Wednesday, March 21, 2018

Who Eats Salad?

On an average day, 20 percent of Americans aged 1 or older eat salad, according to the USDA's Food Surveys Research Group. The group defines salad as a mixture composed mainly of raw vegetables and excludes such things as fruit, pasta, potato, chicken, and tuna salad. The data come from the 2011–14 National Health and Nutrition Examination Survey, which asks respondents to recall their food consumption for the previous 24 hours.

Females (23 percent) are more likely than males (16 percent) to eat salad on an average day, and older people are more likely than younger. Among adults aged 20 to 39, 18 percent eat salad on an average day. Among adults aged 40 or older, a larger 26 percent do. Those most likely to eat salad on an average day are women aged 60 or older (31 percent). Salad consumption also rises with income. Only 13 percent of people aged 1 or older from households with the lowest incomes eat salad on an average day versus 26 percent of those from households with the highest incomes.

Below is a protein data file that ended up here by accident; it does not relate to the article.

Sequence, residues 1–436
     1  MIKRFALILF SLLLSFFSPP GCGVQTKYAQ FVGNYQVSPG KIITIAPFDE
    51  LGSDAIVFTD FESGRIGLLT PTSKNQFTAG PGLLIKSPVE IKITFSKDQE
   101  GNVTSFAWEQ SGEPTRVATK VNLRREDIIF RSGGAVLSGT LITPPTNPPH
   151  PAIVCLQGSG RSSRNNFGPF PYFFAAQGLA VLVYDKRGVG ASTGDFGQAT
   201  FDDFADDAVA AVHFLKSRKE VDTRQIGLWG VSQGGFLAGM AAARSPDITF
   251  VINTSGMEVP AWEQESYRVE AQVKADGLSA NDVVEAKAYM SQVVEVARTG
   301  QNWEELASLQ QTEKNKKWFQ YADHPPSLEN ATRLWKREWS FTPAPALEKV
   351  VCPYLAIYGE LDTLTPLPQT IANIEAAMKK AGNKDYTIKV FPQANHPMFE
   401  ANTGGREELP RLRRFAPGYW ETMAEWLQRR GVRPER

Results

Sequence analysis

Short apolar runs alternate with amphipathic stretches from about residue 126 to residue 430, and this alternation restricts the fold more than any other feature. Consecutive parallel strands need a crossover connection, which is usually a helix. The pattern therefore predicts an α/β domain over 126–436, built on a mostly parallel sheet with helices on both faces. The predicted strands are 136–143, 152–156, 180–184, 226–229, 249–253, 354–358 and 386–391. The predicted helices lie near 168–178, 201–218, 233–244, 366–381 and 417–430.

Salads can contain a variety of ingredients, and most of the salads reported by survey respondents contained at least two raw vegetables. Here are the percentages of salads consumed on an average day that contained the following ingredients: 86% lettuce or leafy greens; 86% salad dressing; 43% tomatoes; 34% carrots; 27% onions; 25% cheese; 20% cucumbers; 19% meat, poultry, or fish; 10% croutons; 9% sweet peppers; 8% nuts or seeds; 7% olives; 7% celery; 5% avocado; 5% egg; and 5% broccoli.

Source: USDA, Food Surveys Research Group, Salad Consumption in the U.S.

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